Roxana Robinson's latest novel is Sparta.
From her Q & A with Alexis Burling at Publishers Weekly:
Like many who volunteer for military duty, [your protagonist] Conrad joins the Marines because of an idea: it’s the “biggest challenge” he can imagine facing. But then he is confronted with the harsh reality of that choice. How did you approach fleshing out that contradiction?Learn more about the book and author at Roxana Robinson’s website.
I was really struck by the difference between the two ideas–the heroic and romantic ideal of rising to a great challenge and becoming one’s best self, and the brutal reality of the combat zone where there are no good choices. The contrast seemed particularly vivid in [the Iraq] war, partly because the troops were all volunteer–many more of them were driven by idealism than in conscripted armies–and partly because this war was fought among the civilian population, so all sorts of lines became blurred. From the start it seemed difficult to maintain moral clarity. This was a war fought in the streets, and it was hard even to know who the enemy was–the insurgents didn’t wear uniforms, and didn’t fight in units. There was rarely a pitched battle in which the two opposing forces confronted each other directly. Instead, there were insurgents with stockpiles of weapons who had holed up in civilian apartment buildings that were full of families, or there was a single insurgent who detonated an IED with a cell phone and then melted into the crowd. All this created moral chaos, which is the worst kind of hell for an idealist. Learning about these circumstances made it possible for me to...[read on]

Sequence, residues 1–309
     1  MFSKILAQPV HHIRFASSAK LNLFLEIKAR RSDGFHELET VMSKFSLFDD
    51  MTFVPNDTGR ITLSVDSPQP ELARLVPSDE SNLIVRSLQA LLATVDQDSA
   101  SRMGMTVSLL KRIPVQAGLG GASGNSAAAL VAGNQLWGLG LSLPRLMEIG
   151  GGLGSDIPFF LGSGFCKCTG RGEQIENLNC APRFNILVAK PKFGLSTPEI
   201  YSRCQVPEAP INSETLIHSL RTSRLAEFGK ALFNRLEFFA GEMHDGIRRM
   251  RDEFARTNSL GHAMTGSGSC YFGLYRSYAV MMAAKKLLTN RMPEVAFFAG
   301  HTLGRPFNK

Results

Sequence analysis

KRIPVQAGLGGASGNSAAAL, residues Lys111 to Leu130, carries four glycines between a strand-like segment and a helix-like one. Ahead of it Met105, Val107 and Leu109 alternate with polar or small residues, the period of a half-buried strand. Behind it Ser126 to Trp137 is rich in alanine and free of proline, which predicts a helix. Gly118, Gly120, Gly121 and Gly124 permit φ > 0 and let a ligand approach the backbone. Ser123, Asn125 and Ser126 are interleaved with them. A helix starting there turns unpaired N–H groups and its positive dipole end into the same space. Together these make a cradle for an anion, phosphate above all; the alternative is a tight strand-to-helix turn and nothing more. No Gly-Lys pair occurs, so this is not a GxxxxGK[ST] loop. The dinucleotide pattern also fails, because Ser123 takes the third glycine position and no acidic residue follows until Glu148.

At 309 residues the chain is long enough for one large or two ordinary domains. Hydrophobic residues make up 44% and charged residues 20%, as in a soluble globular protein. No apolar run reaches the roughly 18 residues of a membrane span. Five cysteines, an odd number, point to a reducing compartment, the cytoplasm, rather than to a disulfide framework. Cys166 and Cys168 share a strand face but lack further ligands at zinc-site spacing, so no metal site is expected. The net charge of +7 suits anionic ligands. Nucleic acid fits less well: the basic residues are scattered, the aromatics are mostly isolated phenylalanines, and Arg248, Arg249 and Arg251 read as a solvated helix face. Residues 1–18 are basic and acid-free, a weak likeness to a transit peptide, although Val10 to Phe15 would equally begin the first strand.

The Page 69 Test: Sparta.
Writers Read: Roxana Robinson.